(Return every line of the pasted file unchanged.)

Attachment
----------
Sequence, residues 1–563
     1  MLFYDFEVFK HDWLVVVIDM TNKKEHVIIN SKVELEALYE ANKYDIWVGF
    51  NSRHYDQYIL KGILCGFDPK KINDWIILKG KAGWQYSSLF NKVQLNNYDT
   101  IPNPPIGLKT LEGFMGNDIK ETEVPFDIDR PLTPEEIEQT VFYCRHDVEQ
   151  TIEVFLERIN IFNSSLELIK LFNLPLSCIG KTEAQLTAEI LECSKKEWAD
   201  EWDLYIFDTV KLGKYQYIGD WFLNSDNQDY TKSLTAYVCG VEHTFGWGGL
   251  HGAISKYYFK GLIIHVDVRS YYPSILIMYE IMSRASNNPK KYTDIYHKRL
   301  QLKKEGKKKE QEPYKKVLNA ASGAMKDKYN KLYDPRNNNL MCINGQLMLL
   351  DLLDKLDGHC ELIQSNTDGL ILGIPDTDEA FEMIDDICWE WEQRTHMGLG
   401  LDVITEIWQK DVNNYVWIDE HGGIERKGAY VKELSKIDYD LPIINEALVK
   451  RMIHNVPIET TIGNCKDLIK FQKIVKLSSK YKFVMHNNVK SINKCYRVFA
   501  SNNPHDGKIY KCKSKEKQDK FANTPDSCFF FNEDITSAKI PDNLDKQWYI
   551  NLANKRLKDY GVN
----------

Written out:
Sequence, residues 1–563
     1  MLFYDFEVFK HDWLVVVIDM TNKKEHVIIN SKVELEALYE ANKYDIWVGF
    51  NSRHYDQYIL KGILCGFDPK KINDWIILKG KAGWQYSSLF NKVQLNNYDT
   101  IPNPPIGLKT LEGFMGNDIK ETEVPFDIDR PLTPEEIEQT VFYCRHDVEQ
   151  TIEVFLERIN IFNSSLELIK LFNLPLSCIG KTEAQLTAEI LECSKKEWAD
   201  EWDLYIFDTV KLGKYQYIGD WFLNSDNQDY TKSLTAYVCG VEHTFGWGGL
   251  HGAISKYYFK GLIIHVDVRS YYPSILIMYE IMSRASNNPK KYTDIYHKRL
   301  QLKKEGKKKE QEPYKKVLNA ASGAMKDKYN KLYDPRNNNL MCINGQLMLL
   351  DLLDKLDGHC ELIQSNTDGL ILGIPDTDEA FEMIDDICWE WEQRTHMGLG
   401  LDVITEIWQK DVNNYVWIDE HGGIERKGAY VKELSKIDYD LPIINEALVK
   451  RMIHNVPIET TIGNCKDLIK FQKIVKLSSK YKFVMHNNVK SINKCYRVFA
   501  SNNPHDGKIY KCKSKEKQDK FANTPDSCFF FNEDITSAKI PDNLDKQWYI
   551  NLANKRLKDY GVN